15 companies get award for reducing packaging waste; new framework to manage such waste launched

Microwave Packaging's managing director Leonard Lau. The company refreshed its paper lunch box design such that each box needed 35 per cent less paper than before.
Microwave Packaging's managing director Leonard Lau. The company refreshed its paper lunch box design such that each box needed 35 per cent less paper than before.PHOTO: SINGAPORE MANUFACTURING FEDERATION
Minister for Sustainability and the Environment Grace Fu (right) presenting an award to Resorts World Sentosa's vice-president of procurement Loh Su Kim.
Minister for Sustainability and the Environment Grace Fu (right) presenting an award to Resorts World Sentosa's vice-president of procurement Loh Su Kim.PHOTO: LIANHE ZAOBAO

SINGAPORE - In an effort to become more resource efficient, Microwave Packaging refreshed its paper lunch box design such that each box needed 35 per cent less paper than before.

This has resulted in a reduction of around 70 tonnes of packaging material annually for the manufacturer.

The paper lunch boxes are frequently used to store takeaway food such as chicken rice.

Microwave Packaging saw a surge in demand for paper boxes in 2019 as businesses moved away from single-use plastic and styrofoam boxes, said its managing director Leonard Lau.

This translated to a fivefold increase in paper usage from 300 tonnes to 1,500 tonnes a year over the last 10 years.

"When we were producing at a smaller capacity initially, we used a standardised sheet of paper to produce four boxes at a time so that it could fit into the printing press," he said.

But when the company started ramping up production, Mr Lau decided to improve the design of each box such that it reduced the paper content.

"Each sheet of paper was also customised such that we could print six boxes at a time," he said.

The newer design was also easier to manufacture and production jumped from 1,000 boxes per hour to 6,000 boxes.

"Overall, the costs incurred to produce each box has halved," said Mr Lau.

The company clinched the top achievement award under the small and medium-sized enterprises (SMEs) segment for the Singapore Packaging Agreement (SPA) Awards for 2020 on Wednesday (March 24).

A programme to gear industries towards sustainable management of their packaging waste was also announced at the ceremony at the Singapore Manufacturing Federation Building.

The awards recognised the SPA signatories which have undertaken notable efforts and were successful in reducing packaging waste between March 1, 2019, and Feb 29 last year.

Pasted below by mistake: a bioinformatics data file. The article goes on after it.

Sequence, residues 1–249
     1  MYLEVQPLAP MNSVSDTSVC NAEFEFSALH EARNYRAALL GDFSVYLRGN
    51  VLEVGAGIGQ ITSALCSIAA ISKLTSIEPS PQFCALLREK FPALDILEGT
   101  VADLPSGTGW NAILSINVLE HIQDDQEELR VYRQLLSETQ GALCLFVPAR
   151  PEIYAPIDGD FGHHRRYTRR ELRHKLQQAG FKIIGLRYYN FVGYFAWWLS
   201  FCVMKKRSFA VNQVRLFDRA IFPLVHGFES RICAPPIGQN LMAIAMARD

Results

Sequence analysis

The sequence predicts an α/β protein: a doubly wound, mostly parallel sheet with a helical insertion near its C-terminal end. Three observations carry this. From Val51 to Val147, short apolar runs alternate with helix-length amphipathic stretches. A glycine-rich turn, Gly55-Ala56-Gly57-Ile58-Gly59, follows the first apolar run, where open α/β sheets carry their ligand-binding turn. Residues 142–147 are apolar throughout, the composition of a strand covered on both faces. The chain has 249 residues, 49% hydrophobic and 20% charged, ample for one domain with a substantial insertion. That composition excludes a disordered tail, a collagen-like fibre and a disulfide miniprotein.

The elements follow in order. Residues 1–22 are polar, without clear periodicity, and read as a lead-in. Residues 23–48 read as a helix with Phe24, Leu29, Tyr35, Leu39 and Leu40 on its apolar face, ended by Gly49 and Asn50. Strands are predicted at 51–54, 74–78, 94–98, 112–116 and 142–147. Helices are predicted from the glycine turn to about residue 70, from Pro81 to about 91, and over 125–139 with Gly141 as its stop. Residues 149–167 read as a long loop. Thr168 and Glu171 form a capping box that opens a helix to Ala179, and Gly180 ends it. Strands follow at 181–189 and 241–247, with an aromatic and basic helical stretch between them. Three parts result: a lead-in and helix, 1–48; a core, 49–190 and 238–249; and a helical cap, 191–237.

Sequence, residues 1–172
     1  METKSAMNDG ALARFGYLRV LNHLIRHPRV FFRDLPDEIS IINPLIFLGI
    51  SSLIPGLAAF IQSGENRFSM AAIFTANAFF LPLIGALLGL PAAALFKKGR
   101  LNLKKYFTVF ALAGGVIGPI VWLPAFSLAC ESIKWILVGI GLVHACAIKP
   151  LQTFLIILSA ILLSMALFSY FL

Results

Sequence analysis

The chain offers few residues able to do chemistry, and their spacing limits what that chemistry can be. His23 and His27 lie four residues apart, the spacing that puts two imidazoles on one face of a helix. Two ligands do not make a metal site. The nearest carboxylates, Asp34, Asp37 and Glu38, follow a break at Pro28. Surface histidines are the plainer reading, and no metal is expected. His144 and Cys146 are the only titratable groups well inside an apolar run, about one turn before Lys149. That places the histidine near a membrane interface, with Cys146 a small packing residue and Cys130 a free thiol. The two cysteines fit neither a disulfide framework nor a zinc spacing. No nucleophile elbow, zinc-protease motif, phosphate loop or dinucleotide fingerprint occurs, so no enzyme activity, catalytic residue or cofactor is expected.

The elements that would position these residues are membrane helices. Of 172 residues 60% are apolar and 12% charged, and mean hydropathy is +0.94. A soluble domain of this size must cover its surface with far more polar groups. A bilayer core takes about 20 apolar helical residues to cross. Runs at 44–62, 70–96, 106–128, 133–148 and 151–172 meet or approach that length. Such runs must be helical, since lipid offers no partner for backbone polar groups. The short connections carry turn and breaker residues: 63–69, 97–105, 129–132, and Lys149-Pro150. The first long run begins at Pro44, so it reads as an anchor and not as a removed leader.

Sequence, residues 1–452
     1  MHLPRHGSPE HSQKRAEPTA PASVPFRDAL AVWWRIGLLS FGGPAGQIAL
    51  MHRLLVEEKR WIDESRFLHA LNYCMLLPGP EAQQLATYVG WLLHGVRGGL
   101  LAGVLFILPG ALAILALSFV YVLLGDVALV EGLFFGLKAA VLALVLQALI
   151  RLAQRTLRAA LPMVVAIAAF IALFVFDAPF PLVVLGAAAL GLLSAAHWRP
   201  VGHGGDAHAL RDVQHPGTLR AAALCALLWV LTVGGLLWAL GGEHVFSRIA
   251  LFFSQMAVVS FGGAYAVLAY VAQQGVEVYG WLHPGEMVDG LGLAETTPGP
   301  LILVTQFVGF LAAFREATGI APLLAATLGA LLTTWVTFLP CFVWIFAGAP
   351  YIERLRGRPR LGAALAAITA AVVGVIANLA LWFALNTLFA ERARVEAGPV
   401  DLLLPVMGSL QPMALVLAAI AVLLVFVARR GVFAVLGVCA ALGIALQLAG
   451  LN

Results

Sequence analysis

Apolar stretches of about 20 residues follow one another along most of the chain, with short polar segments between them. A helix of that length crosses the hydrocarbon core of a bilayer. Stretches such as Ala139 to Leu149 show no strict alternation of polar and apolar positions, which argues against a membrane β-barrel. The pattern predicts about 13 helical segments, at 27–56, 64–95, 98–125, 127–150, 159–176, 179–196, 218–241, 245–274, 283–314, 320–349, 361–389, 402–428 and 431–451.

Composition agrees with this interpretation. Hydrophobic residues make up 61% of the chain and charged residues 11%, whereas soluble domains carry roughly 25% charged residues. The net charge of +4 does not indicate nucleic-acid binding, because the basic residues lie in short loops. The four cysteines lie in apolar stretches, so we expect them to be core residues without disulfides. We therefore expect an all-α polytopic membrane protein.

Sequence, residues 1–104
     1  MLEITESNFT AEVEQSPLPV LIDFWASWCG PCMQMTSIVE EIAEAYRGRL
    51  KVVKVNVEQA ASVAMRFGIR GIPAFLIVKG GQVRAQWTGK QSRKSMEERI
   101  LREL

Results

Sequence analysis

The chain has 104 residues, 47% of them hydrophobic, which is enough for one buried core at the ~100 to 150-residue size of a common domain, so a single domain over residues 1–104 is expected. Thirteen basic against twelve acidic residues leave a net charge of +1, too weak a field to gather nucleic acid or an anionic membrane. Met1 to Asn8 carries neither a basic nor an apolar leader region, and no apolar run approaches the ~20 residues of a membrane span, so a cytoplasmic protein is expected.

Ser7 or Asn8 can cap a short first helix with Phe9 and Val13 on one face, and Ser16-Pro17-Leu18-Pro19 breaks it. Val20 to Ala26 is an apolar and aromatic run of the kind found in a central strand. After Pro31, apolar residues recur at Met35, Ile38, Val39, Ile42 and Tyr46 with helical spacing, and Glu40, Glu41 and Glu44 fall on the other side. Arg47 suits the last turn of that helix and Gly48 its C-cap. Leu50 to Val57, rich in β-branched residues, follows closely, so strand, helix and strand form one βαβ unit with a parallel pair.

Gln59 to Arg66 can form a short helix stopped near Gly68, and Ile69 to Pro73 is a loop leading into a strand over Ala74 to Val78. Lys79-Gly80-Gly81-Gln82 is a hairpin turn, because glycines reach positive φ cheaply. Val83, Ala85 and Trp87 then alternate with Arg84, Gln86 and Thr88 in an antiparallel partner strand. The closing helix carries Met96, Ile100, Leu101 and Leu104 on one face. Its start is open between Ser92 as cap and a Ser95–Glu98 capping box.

A total of 10 multinational companies or large local enterprises and five SMEs were recognised for their efforts in reducing, reusing or recycling packaging waste, and for the use of recycled packaging material.

More than 100 signatories were recognised for their efforts in reducing waste.

Launched on June 5, 2007, the SPA had brought together more than 200 organisations across Singapore by June 30 last year. Cumulatively, they have saved around 62,000 tonnes of packaging waste that amount to $150 million.

Other winners on Wednesday included F&N Foods, which managed to reduce close to 60 tonnes of packaging waste - equivalent to that generated by 24,000 households each day - by optimising its product packaging design.

Since 2019, Resorts World Sentosa has also replaced its disposable cups with reusable ones, and removed unnecessary packaging on its retail products, saving 3.4 tonnes of packaging materials each year.

Minister for Sustainability and the Environment Grace Fu, who was the guest of honour at the ceremony, said: "Packaging waste is one of the key waste streams we have been focusing on, as it constitutes about one-third of Singapore's domestic waste."

As part of Singapore's Zero Waste Masterplan, an Extended Producer Responsibility (EPR) framework on packaging waste will be implemented so that manufacturers will be responsible for the collection and treatment of their packaging materials, she said.

The EPR framework for e-waste management will be implemented in July this year.

A foundational step towards the framework is the Mandatory Packaging Reporting (MPR), under which producers of packaged products and retailers such as supermarkets with an annual turnover of more than $10 million will be required to collect packaging data and develop plans to reduce, reuse or recycle packaging materials. The first reports are to be submitted by March 31 next year.

This is aimed at drawing the attention of the companies to the packaging waste they produced and to encourage them to actively manage and reduce them, said Ms Fu.

"Beyond this, we will continue to engage the industry and target the broader EPR framework for packaging waste no later than 2025," she added.

The Packaging Partnership Programme (PPP) was also officially launched at the ceremony on Wednesday, which is an industry-led initiative by the Singapore Manufacturing Federation in partnership with the National Environment Agency.

The initiative aims to develop industry capability in the sustainable management of packaging waste, and help to raise awareness of the environmental impact of the packaging that companies supply to the market.

Workshops and training sessions will be organised for members to exchange best practices in the sustainable management of packaging waste.

Ms Betty Tan, chairman of the PPP Advisory Committee, said: "The PPP aims to be the one-stop resource point to assist companies in their reporting under the MPR, while encouraging more companies to join in reducing packaging waste through reducing, reusing or recycling packaging materials."